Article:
Corporate America trained its sights in Texas in the latest voting law war


Dozens of organizations, including Microsoft, HP and Salesforce, have moved to Texas to campaign for corporate suffrage, calling on local officials to oppose the change, which would hinder voters from entering the ballot.

The Open letter The Fair Elections Texas Coalition, which has branded itself a non-partisan group, has been the latest in a series of reprimands from Republicans over the proposed vote bill since the election defeat of Donald Trump.

According to the Independent Brennan Center for Justice, Texas has about 50 prohibition bills, more than any other state.

The broadest of these would limit voting in the mail, limit the first hours of voting, increase the chances of long queues on election day, clean up voter lists and increase the risk of intimidating voters, Brennan Center said. Be careful.

The Fair Election Texas letter, whose signatures included American Airlines, Levi Strauss and Unilever, pledged to companies for ballot accessibility, good for business and racial fairness as popular with voters on both sides.

The organizers of the letter quoted results from a Republican pollster present there Bilateral support For policies to increase access to polls and a Study Texas’ economy could lose billions of dollars if voting bans become law.

“We believe that the development of free enterprise is directly related to the freedom of its citizens. The Alliance wrote that when we hold free and fair elections that protect the fundamental rights of all Texans, our democracy is free.

Texas has recently seen an arrival Corporate investment. CBRE, Charles Swab and Hewlett-Packard Enterprise have relocated their headquarters to Lone Star State, which has no corporate or personal income tax at the state level. Tesla is building its Gigafactory there, and Apple is building a 1 1 billion campus in Austin.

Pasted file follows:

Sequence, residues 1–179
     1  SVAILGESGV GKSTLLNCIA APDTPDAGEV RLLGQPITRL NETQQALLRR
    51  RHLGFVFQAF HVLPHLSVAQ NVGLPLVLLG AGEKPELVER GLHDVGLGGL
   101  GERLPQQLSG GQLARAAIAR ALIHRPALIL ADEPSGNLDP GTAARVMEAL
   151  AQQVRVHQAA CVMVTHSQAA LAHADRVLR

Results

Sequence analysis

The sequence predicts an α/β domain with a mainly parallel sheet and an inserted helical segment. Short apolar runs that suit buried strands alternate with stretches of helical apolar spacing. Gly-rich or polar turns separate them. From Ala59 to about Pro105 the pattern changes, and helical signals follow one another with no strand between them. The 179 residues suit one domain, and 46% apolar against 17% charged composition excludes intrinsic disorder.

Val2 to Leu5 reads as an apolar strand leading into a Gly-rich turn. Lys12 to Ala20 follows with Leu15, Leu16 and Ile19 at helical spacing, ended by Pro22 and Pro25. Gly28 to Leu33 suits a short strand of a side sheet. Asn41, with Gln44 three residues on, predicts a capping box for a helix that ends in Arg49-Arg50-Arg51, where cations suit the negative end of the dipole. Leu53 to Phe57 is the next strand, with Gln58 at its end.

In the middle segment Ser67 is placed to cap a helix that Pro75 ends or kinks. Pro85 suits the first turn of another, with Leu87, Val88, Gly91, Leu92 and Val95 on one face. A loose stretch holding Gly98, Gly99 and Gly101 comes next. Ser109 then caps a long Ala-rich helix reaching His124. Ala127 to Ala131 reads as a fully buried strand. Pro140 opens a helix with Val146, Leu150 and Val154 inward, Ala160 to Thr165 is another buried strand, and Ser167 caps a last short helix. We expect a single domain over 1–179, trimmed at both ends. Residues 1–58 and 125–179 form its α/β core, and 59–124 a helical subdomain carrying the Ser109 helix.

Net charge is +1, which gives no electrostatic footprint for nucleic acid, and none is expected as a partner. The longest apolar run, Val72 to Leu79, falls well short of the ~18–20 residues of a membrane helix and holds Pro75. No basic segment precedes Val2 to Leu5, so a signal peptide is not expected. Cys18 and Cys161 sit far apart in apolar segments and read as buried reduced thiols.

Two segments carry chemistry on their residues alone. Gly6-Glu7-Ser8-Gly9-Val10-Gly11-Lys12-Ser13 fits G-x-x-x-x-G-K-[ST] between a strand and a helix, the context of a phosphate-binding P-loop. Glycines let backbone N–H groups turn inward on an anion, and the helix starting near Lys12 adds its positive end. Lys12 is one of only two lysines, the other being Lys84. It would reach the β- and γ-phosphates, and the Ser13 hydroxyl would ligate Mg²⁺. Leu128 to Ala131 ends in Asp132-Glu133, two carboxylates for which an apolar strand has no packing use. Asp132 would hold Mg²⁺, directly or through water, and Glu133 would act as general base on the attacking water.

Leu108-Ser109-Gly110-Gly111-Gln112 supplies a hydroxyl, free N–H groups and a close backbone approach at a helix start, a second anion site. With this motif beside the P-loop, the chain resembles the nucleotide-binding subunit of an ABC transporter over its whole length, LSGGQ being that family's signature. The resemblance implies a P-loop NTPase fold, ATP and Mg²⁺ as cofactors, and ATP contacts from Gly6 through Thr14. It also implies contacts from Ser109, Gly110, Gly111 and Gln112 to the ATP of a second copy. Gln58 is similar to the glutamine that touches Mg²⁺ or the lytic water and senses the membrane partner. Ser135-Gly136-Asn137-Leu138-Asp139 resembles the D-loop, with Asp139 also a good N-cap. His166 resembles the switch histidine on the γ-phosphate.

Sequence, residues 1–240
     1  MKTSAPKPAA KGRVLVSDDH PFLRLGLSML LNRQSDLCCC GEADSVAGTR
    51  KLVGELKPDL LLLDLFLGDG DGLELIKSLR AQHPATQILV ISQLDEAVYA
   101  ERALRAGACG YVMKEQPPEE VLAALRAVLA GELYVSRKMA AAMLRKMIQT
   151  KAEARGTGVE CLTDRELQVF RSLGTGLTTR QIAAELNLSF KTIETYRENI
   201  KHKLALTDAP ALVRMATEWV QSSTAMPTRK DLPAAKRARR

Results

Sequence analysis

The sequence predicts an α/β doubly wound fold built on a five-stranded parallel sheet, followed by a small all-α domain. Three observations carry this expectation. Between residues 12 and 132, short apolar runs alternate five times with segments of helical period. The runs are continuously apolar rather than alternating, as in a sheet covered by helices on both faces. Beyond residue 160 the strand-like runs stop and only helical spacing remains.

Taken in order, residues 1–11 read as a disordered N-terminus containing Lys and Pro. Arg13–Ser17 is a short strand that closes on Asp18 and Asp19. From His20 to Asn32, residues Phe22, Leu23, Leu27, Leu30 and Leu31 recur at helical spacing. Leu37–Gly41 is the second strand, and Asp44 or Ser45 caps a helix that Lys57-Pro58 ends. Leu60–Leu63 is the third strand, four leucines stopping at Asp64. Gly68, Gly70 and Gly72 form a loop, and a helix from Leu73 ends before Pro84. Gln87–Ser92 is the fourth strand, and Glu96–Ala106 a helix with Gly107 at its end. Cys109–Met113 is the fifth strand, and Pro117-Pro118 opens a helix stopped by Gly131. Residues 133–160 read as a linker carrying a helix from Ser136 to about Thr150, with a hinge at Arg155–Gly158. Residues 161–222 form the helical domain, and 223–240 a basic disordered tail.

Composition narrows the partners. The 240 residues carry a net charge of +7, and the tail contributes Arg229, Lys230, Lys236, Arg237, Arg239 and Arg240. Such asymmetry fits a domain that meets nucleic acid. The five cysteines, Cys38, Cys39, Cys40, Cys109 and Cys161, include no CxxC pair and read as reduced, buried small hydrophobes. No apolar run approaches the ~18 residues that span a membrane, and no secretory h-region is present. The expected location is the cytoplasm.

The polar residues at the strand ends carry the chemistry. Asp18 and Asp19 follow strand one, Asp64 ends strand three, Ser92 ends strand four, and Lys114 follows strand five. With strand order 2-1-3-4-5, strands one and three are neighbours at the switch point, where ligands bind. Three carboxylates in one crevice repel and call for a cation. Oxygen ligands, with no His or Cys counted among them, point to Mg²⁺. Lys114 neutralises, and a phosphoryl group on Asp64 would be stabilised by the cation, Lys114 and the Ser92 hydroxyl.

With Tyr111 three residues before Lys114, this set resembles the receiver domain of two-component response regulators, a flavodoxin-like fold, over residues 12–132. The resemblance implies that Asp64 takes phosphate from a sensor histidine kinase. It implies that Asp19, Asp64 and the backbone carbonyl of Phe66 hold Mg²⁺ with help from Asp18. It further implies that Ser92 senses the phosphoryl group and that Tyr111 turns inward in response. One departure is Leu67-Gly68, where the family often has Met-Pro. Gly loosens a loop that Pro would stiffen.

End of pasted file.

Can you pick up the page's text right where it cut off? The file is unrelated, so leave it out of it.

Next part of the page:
The two Texas-headquartered companies, American Airlines and Dell, have already opposed specific Republican voting bills that Democrats and civil rights groups allege would exclusively deter Texas voters from colorless and ethnic minorities.

Republicans in the state have pushed back. Lieutenant-Governor Dan Patrick said last month that Texans were “annoyed at corporations that do not share our values ​​in an effort to prove public policy obligation.”

Senator Ted Cruz in an opinion piece in the Wall Street Journal last week Be careful “Awake CEO”: “When the time comes that when you need help with a tax break or a change of regulator, I hope the Democrats will accept your calls, because we may not.”

Last month, after companies, including Coca-Cola and Delta Airlines, condemned Georgia’s new voting law, Mitch McConnell, A minority leader in the Senate, accused the accused agencies of “behaving like a parallel government” and told them to “stay out of politics.”

Instead, executives are trying to band together in a coalition to coordinate their response Estimate 361 Limited voting bills that have been introduced in 47 states, as well as federal legislation proposed by Democrats to expand access to voting.

Several CEOs have also faced the issue at the annual meeting in recent weeks. GE Chief Executive Larry Kalp said Shareholders On Tuesday, he said he would “not consider every part of the election legal rules considered in all 50 states”, but GE believed the election must be accessible, fair, secure and transparent.

When a shareholder was asked last week why his bank had committed suicide in a “left lie” about Georgia’s new voting law, Goldman Sachs chief executive David Solomon said he had not commented on any individual state law but had signed a letter saying “voting is fundamental and Supports “fundamental rights”.



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